Europe’s Surprising Economic Success Story

Friday, 27 July 2018
CEPS Commentaries
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Surprise, surprise: Which European country has chalked up the fastest economic growth for the past 25 years? Even surpassing Asian superstars? The answer is Poland.

Since throwing off the shackles of communism, Poland has averaged a robust 4.1% expansion per year, equal to South Korea and higher than Singapore. It sailed through the 2007-08 financial crisis when its neighbours faltered. Poland has succeeded despite poisonous politics, a lack of natural resources and emerging skilled labour shortages. Its success is the subject of a fascinating new book by World Bank economist Marcin Piatkowski, entitled Europe's Growth Champion: Insights from the Economic Rise of Poland, recently presented at a meeting at CEPS.

In Piatkowski’s view, the Polish phoenix represents a recipe for transforming a stagnant state-dominated economy into a capitalist gazelle. The needed ingredients include radical, quick market reforms, in combination with slow (not fast) action on privatisation to avoid the emergence of oligarchs. As incomes soar, more than 80% of Poles are satisfied with their lives, up from only half at the beginning of the transition.

Unanswered questions remain: Why has this prosperous Poland turned to populism and will the Polish success story survive its present embrace of a narrow nationalist government? Piatkowski struggles to find answers, although he approves of the present government’s economic policies, and predicts, perhaps too optimistically, that the Polish populism will end up as a passing phenomenon.

All of the Central European region is enjoying a boom, despite a similar flirtation with populism. In 1995, incomes in the Czech Republic, Hungary, Slovenia, Slovakia and Poland were 55% lower than in its rich Western European neighbours. By 2013, the difference had shrunk to 39%, and average incomes are now equal to that Portugal and moving close to that of Spain. The IMF expects regional growth to run at 4% this year.

Compared to its neighbours, Poland has the most diversified economy and relies less on big-ticket foreign investment, particularly in car factories. Slovakia is now the world’s largest car producer per capita, home to VW, Kia, Peugeot and Jaguar Land Rover factories. Mercedes Benz just announced a €1 billion investment in Hungary.

When I covered communist Poland as a journalist in the 1980s, its stores were empty. Czech and Hungarian living standards were higher. Once the Soviet restraints were removed, however, Poland undertook deep market shock reforms, far harsher than its neighbours. This generated a private sector boom and moved the country out of the post-transition recession before the others. Poland was also quick to follow the early market reforms with robust institutional building, managing privatisation in a transparent fashion. Today, there are no Polish oligarchs.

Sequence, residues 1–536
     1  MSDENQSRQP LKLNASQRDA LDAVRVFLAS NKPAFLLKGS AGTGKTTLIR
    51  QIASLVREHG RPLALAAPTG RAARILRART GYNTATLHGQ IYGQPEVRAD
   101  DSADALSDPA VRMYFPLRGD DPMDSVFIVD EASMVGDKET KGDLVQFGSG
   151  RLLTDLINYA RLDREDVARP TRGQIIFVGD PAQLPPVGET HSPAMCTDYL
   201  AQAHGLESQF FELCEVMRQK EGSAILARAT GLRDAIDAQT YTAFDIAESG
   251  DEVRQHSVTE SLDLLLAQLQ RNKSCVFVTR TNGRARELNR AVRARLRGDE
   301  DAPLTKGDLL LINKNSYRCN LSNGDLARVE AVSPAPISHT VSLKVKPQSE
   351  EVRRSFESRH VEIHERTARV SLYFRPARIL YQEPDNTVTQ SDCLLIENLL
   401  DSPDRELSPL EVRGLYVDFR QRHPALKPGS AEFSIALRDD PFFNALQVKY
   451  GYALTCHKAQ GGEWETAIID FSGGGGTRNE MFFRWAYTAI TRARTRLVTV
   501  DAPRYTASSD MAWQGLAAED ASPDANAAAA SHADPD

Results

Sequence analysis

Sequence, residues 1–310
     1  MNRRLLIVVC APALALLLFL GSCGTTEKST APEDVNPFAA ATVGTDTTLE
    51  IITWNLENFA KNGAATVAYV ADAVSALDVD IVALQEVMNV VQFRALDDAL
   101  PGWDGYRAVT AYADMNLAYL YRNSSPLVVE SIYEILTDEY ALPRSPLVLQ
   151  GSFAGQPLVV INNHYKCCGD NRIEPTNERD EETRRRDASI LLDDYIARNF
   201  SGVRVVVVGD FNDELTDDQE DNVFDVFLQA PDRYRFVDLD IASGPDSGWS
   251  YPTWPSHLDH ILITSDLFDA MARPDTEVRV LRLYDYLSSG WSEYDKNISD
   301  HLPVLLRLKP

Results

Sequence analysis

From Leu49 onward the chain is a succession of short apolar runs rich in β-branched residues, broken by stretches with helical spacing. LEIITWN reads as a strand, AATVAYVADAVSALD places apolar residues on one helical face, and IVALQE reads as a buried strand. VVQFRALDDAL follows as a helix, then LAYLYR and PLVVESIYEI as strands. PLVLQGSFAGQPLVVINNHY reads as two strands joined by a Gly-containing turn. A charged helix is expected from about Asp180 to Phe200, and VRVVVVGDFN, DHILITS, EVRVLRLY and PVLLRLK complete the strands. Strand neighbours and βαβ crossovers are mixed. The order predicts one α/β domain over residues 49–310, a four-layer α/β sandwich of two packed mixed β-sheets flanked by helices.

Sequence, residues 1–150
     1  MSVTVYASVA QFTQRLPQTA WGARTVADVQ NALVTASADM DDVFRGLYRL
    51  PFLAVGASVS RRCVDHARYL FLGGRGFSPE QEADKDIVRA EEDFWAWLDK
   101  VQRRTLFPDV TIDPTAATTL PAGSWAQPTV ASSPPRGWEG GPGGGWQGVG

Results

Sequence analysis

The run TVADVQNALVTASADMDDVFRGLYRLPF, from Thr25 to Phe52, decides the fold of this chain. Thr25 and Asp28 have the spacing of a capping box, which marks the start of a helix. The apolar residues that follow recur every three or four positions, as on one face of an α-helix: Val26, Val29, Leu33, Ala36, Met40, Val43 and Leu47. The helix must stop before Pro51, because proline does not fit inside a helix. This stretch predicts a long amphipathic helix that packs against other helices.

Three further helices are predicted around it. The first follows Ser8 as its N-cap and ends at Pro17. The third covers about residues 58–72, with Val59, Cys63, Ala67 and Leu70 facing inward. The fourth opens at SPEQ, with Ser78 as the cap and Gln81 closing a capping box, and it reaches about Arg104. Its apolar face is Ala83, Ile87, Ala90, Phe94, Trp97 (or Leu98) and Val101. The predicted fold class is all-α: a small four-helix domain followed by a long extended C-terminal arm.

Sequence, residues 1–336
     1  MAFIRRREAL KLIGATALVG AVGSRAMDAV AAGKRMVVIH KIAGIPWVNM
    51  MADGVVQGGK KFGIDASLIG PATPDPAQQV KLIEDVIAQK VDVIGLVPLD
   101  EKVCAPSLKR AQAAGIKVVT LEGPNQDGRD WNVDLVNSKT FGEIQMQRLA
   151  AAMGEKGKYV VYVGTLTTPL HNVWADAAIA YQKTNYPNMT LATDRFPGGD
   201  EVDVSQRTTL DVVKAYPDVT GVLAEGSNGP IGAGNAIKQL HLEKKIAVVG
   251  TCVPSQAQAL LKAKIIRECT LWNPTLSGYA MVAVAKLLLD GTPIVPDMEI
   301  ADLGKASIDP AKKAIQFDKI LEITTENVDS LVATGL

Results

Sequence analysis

Importantly, too, Poland avoided cheap foreign loans taken in strong Western currencies, which boosted consumption before leading to the 2007 financial crisis. Its banks emerged unscathed and are financially solid and stable. 

Poland expanded the quantity and quality of education. Today every second young person studies at the university level, above the EU average, up from only one out of ten in 1989. This allows the country to expand its manufacturing base and move fast into back-office services. Blue chip companies such Google, McKinsey and JP Morgan Chase have all have located big administrative centres in Poland.

So far, foreign investors have continued to pour in, despite political instability fuelled by the nationalist government’s efforts take control of the press and courts. Despite his fears about these anti-democratic tendencies, Piatkowski says Poland’s economic policies have proved successful. The government upped social spending, igniting fears of creating a yawning financial deficit, but strong growth has kept the deficit in check.

Giant challenges remain to be scaled and Piatkowski perhaps underestimates them. One is a fast-aging population – already less than half of Poland’s 55- to 64-year olds have jobs, while labour shortages are appearing and salaries are soaring. Conflicts are mounting with the European Commission, which is threatening to cut crucial EU funding. During its transition, Poland benefited from large inflows of EU funds that helped connect it with Western Europe by highways for the first time ever.

For centuries, Poland stood on the edge of the West. Success over the past two and a half decades has put it within striking distance of joining the exclusive club. He even touts the country’s sports as evidence: Poland’s national team became a world champion in volleyball, won a bronze medal in handball and beat Germany for the first time ever in football. Why? Piatkowski believes that it because Poland’s athletes, led by striker Robert Lewandowski, have trained and competed in the West, unlike their communist predecessors.

Unfortunately, the Polish World Cup team crashed out in the first round of the tournament. Perhaps this is a good cautionary concluding note. In his book, Piatkowski makes a strong case for a Polish Golden Age. But a new Polish Golden Age remains far from assured.

 

William Echikson is Associate Senior Research Fellow and Head of the Digital Forum at CEPS.

CEPS Commentaries offer concise, policy-oriented insights into topical issues in European affairs. As an institution, CEPS takes no official position on questions of EU policy. The views expressed are attributable only to the author and not to any institution with which he is associated.

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